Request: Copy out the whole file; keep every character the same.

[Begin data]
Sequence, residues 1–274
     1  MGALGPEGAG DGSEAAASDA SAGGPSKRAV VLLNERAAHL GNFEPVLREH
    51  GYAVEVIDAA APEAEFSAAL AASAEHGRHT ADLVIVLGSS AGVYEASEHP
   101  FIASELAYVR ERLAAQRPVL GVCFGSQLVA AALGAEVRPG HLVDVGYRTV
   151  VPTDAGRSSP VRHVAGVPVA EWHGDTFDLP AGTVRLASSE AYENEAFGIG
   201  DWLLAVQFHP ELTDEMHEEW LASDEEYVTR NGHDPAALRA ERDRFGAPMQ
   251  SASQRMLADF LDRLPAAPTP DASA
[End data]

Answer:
Sequence, residues 1–274
     1  MGALGPEGAG DGSEAAASDA SAGGPSKRAV VLLNERAAHL GNFEPVLREH
    51  GYAVEVIDAA APEAEFSAAL AASAEHGRHT ADLVIVLGSS AGVYEASEHP
   101  FIASELAYVR ERLAAQRPVL GVCFGSQLVA AALGAEVRPG HLVDVGYRTV
   151  VPTDAGRSSP VRHVAGVPVA EWHGDTFDLP AGTVRLASSE AYENEAFGIG
   201  DWLLAVQFHP ELTDEMHEEW LASDEEYVTR NGHDPAALRA ERDRFGAPMQ
   251  SASQRMLADF LDRLPAAPTP DASA